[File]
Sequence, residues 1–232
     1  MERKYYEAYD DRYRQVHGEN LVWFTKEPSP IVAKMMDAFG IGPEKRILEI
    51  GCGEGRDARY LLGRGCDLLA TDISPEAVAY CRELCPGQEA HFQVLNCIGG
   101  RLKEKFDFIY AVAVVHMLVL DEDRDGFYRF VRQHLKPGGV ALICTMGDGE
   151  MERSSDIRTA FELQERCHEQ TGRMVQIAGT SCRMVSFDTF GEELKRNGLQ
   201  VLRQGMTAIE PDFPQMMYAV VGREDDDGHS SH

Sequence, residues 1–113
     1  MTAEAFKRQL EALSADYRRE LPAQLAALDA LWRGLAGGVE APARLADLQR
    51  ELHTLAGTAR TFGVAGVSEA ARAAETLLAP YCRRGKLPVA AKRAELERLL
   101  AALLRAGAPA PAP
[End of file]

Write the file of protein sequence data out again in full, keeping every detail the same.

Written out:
Sequence, residues 1–232
     1  MERKYYEAYD DRYRQVHGEN LVWFTKEPSP IVAKMMDAFG IGPEKRILEI
    51  GCGEGRDARY LLGRGCDLLA TDISPEAVAY CRELCPGQEA HFQVLNCIGG
   101  RLKEKFDFIY AVAVVHMLVL DEDRDGFYRF VRQHLKPGGV ALICTMGDGE
   151  MERSSDIRTA FELQERCHEQ TGRMVQIAGT SCRMVSFDTF GEELKRNGLQ
   201  VLRQGMTAIE PDFPQMMYAV VGREDDDGHS SH

Sequence, residues 1–113
     1  MTAEAFKRQL EALSADYRRE LPAQLAALDA LWRGLAGGVE APARLADLQR
    51  ELHTLAGTAR TFGVAGVSEA ARAAETLLAP YCRRGKLPVA AKRAELERLL
   101  AALLRAGAPA PAP